Columbus Dispatch: Living Alone Adds to Social Isolation During COVID-19
While social distancing and avoiding gatherings are important during the COVID-19 pandemic, it can also be quite challenging for many.
“Being socially isolated is a significant risk factor for suicide, and we know that it can also really contribute to depression for many people. And it can really worsen anxiety for some people,” said Megan Schabbing, MD, medical director of psychiatric emergency services at OhioHealth Riverside Methodist Hospital, in an interview with the Columbus Dispatch.
Social isolation, that lack of physical connection, can lead to lonliness and other physical conditions such as high blood pressure, heart disease and death. But, there are ways to still feel a sense of connection.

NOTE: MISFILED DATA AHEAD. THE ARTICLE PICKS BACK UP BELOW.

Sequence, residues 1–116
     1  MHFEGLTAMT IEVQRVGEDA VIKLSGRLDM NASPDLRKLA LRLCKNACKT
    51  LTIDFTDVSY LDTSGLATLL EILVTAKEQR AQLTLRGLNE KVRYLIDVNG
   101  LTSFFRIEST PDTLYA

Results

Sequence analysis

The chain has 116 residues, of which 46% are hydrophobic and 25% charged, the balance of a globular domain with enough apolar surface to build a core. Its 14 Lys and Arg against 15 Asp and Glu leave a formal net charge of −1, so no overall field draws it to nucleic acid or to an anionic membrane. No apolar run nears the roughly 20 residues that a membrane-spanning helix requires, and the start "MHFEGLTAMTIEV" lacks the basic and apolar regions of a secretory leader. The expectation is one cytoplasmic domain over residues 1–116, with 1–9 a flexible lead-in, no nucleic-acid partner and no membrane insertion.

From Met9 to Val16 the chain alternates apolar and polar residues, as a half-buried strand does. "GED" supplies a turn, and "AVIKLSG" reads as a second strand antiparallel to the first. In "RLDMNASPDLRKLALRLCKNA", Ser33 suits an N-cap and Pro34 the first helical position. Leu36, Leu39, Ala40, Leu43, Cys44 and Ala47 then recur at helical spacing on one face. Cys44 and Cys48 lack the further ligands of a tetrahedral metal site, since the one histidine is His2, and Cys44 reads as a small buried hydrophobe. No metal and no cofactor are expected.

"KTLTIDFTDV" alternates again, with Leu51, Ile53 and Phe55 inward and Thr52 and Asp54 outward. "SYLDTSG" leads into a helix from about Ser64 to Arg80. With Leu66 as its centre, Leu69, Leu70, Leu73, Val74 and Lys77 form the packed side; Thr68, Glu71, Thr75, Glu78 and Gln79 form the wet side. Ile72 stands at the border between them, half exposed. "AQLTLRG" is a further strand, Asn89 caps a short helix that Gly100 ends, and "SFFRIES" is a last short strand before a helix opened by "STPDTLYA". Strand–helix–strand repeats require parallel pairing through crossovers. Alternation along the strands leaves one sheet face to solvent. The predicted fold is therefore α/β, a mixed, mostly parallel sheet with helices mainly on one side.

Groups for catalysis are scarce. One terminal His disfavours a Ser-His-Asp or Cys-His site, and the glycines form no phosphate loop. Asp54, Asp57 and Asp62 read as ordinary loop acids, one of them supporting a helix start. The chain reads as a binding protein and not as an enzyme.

One way, as Dr. Schabbing told the Dispatch, is that people should take advantage of technology. Use things like Zoom and FaceTime to see faces while you're having a conversation.
"This is one of the times where we can take all this tech that’s so pervasive in our daily lives and let’s use it to our advantage,” she told the Dispatch. “I really recommend for people who are isolated to do a daily check-in with someone, whether it’s a family member, a friend or even a neighbor.”
“It's all about checking in with yourself, getting to know yourself better and being a little more deliberate about doing things," Dr. Schabbing said. "
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